Hello, my friends! My presence hasn’t cursed your Thursday in several weeks! The reason for this absence is fairly simple: I’ve been
slowly crushed beneath the inexorable weight of the universe and the relentless pressure of deadlines busy. Apart from taking on some new projects and plowing through the old ones, my library job invaded the rest of my free time, since I’m now working extra hours and being trained in new departments. (Marty, if you’re reading this, I want a raise.)
(I’m kidding. Please don’t fire me.)
Apart from the soul crushing aspects of life (like having a full-blown identity crisis and almost abandoning my entire writing career to become a forest-dwelling recluse whose life revolves around baking bread) and the hectic aspects of life (going on a two-week trip with my aunts while trying to finish three impending deadlines and getting deliriously ill as a result – proud to say I still finished the deadlines, despite being on death’s door), my life has been the usual random, chaotic experience. Which means weird encounters with weirder people.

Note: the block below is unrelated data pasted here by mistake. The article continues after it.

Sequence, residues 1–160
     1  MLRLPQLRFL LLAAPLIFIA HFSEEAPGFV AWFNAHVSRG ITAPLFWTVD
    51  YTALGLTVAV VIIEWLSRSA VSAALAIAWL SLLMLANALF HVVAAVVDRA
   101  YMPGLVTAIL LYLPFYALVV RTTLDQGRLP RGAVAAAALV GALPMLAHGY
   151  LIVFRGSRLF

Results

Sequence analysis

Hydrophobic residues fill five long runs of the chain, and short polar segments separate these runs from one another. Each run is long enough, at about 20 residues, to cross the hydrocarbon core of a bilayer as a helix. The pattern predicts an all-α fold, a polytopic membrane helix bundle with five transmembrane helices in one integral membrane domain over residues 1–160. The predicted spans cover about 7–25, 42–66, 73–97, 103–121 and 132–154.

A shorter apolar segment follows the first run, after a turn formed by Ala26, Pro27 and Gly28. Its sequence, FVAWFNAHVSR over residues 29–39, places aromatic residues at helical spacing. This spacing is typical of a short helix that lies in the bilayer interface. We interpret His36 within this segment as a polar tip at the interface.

I was minding the library front desk one day when I was accosted by an incensed patron.
“I’m offended,” he said.
That’s never a good way to start a conversation.
“I’m offended,” he repeated. “This library doesn’t have any practical books about witchcraft.” (At this critical juncture, I finally noticed his pentagram tattoos.) “I found the witchcraft section, but the only books were about witch hunting!”
“I DON’T WANT TO BE HUNTED!”
An understandable sentiment, though I didn’t know how to tell him I was the last person to go to for sympathy on the trials and travails of occult racism. He then wrote down approximately 30 recommendations for quality witchcraft books, armed me with this list, and took himself off.
I never had the heart to tell him our director intentionally purged the occult books from the system and threw them out.
My local newspaper had one job. ONE. Yet they still failed.
One day a patron came into the library to pay an overdue fine. It was only a few dollars, but all he had was $20 bill.
“That’s okay,” he said as I started to get him cash back. “Keep the change.” Then, as he was halfway out the door again, he paused, grinning fondly in remembrance. “I actually used to steal money from this library when I was a teenager, so I guess I’m just paying my debt! Anyway, see ya!”
And with a casual wave, left.
As if he hadn’t just confessed to being a criminal.
Some of my friends set up a booth in a local craft fair, so Mom and I decided to show support and go hang out with them.
“Show support” being a very loose term and more of an excuse to stuff ourselves at the Mexican food truck.
Best quesadilla I’ve had in years.
Another good way to show support was loitering at the booth two rows down, for obvious reasons: